The Rhetoric of Polarization

In the past decade or so, I’ve seen some interesting things happen. Some have been awesome, funny or even absurd.  Others have been memorable for much more somber reasons.  One common thread that ties all of these events together in recent history has been how my friends, family and acquaintances have responded to these events.  I remember a time when we actually talked about things.  If we couldn’t talk face to face because of distance or time constraints, we may have even called each other to talk about things, if we felt strongly enough about it.

Then this little thing came along called social media.  In my mind and among my group of friends, this started first with instant messaging.  We didn’t have profile pages or websites, just a little icon showing us when our friends were online.  Eventually, among my group of friends and family we joined Myspace  made our profile pages, posted our cover song and stressed about which friends to put into our top eight.  People would post on your page, and it was kind of a novelty. 

When the original Myspace began to die out, we mass migrated over to Facebook   Facebook provided us a set template and more of a focus than Myspace   It became much more like a journal of your life which your ‘friends’ could follow.  People would post their photos on their profile, along with little updates about their life, how they were feeling and what they were doing at the time.  It all started so innocently, but we let it become something else.  Something much more divisive and… dare I say…. anti-social.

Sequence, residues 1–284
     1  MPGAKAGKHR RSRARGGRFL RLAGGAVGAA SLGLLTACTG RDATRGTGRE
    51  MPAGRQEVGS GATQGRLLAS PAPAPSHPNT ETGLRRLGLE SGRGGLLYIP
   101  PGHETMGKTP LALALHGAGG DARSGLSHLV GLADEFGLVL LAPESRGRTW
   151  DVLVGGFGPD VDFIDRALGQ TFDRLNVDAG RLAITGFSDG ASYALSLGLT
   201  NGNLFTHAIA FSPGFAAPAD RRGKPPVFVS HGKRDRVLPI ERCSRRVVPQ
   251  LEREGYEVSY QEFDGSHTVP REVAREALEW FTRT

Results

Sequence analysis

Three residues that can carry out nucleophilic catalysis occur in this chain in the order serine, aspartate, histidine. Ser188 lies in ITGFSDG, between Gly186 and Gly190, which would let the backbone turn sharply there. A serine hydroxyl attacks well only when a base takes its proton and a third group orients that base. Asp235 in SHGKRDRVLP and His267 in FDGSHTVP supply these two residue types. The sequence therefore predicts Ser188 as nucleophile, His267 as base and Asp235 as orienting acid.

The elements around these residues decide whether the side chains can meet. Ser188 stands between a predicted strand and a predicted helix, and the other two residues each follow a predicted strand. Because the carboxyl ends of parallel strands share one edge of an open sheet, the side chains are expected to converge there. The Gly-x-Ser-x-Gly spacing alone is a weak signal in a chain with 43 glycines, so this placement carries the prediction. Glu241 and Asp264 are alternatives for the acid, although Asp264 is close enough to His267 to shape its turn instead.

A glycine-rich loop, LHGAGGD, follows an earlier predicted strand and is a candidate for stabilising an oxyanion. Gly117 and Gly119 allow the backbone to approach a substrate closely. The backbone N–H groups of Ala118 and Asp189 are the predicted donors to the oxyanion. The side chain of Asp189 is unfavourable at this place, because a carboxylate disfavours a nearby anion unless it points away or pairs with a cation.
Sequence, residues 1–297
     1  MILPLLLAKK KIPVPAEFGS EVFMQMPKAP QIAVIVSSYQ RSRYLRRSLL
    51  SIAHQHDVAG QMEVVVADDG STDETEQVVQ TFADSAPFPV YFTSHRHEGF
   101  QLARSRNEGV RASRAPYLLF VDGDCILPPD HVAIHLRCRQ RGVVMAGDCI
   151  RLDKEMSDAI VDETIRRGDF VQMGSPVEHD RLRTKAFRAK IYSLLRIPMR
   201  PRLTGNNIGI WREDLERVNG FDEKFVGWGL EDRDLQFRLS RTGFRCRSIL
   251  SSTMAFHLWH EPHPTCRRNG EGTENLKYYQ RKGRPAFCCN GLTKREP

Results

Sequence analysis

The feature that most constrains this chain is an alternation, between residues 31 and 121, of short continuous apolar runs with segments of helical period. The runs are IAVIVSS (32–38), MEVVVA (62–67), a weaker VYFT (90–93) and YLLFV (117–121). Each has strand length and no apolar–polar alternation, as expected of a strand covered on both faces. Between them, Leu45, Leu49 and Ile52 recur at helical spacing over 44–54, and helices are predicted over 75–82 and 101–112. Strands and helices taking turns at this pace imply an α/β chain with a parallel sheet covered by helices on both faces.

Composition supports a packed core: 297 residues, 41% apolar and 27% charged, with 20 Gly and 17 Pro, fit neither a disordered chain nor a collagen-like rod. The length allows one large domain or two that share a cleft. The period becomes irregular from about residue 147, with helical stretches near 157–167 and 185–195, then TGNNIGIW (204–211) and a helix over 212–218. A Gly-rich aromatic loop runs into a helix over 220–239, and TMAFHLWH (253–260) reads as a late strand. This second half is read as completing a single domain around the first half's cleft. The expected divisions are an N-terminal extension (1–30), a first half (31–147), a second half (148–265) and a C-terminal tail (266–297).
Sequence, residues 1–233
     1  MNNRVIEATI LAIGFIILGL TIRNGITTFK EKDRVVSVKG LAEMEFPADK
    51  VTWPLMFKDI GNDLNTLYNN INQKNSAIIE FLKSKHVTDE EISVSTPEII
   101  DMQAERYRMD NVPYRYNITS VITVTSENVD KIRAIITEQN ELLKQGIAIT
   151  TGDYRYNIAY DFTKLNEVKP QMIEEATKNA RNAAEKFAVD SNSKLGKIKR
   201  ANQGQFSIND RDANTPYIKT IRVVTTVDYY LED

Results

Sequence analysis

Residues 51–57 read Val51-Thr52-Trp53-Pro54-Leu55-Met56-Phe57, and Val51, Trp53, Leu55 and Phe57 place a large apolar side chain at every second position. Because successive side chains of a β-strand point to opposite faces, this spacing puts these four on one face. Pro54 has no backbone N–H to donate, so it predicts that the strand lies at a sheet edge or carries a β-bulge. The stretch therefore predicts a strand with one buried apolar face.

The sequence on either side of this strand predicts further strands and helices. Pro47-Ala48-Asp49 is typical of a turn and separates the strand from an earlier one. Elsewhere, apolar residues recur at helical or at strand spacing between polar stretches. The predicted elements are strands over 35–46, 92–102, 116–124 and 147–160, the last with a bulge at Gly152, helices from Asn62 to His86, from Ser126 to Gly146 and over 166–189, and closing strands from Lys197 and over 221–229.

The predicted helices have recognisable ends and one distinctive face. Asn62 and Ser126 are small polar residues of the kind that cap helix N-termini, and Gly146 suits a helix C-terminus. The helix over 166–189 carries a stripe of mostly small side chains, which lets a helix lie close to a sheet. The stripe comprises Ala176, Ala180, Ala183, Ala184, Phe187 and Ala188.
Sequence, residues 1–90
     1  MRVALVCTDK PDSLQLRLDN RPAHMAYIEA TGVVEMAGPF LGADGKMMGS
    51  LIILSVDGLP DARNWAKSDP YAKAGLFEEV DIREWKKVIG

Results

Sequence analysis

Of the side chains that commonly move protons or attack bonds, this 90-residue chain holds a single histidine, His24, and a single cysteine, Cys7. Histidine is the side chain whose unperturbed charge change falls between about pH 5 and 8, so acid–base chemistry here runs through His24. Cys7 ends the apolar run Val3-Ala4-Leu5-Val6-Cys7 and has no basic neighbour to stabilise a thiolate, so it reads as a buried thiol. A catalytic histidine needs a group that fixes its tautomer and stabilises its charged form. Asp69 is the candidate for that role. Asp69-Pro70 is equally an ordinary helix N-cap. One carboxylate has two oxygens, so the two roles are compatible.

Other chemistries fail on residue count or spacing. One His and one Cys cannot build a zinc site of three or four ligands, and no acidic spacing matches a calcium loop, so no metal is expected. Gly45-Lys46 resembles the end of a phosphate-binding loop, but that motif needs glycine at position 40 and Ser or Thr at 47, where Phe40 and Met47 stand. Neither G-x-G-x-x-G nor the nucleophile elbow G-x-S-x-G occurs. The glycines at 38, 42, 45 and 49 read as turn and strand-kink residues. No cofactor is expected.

That is a pretty long history of my experience with social media, but it has an important purpose.  We put so much time and effort into our social media profiles, developing a social media personality, that we immediately begin to feel threatened if someone with a contrasting view or activity starts to clog up our wall or news feed with opposing viewpoints or activities.

This is the underlying problem with the debate about gun control right now.  I think that it is obvious that something needs to be done, and both sides would acknowledge that, but we’ve lost the middle ground.  In my social networks, I have an interesting mix of ideologies amongst my friends.  One of my roommates is very staunch on his attitude that Obama will be dissolving the 2nd amendment completely and we must hoard all the weapons and ammunition we can so that we can fight against the government when the time arrives.  I laughed at this idea until I realized he was 100% serious.  His attitude of paranoia is honestly that one day the government will be at war with the people and will have an advantage because they’ll have the automatic weapons and the only thing we’ll be able to have as citizens are muzzle-loaders.  There is no doubt that social media has influenced his opinion on this issue: he follows Fox News exclusively, his friends and family are from a very small town Southern Utah and a good majority of his friends are right-wing republicans.  None of these things are ‘bad’, however the things he sees on his news feed are going to be extremely weighted towards one side of the issue.  Whenever he logs in, most of the things he sees posted will be in accord with his ideology  and anything to the contrary will look like an attack from (what he calls) a ‘vocal minority’.

Here’s the thing.  Those people contrary to his opinion aren’t a ‘vocal minority’.  They are definitely vocal, but far from a minority.  A poll from John Hopkins’ School of Public Heath discovered the following:

A national survey of 2,703 respondents found 89 percent support universal background checks; 69 percent support banning the sale of semiautomatic assault weapons; 68 percent support banning the sale of large-capacity ammunition magazines.

Since the Sandy Hook shooting, there has been numerous polls and surveys conducted, showing very similar results (take a look at this overview here).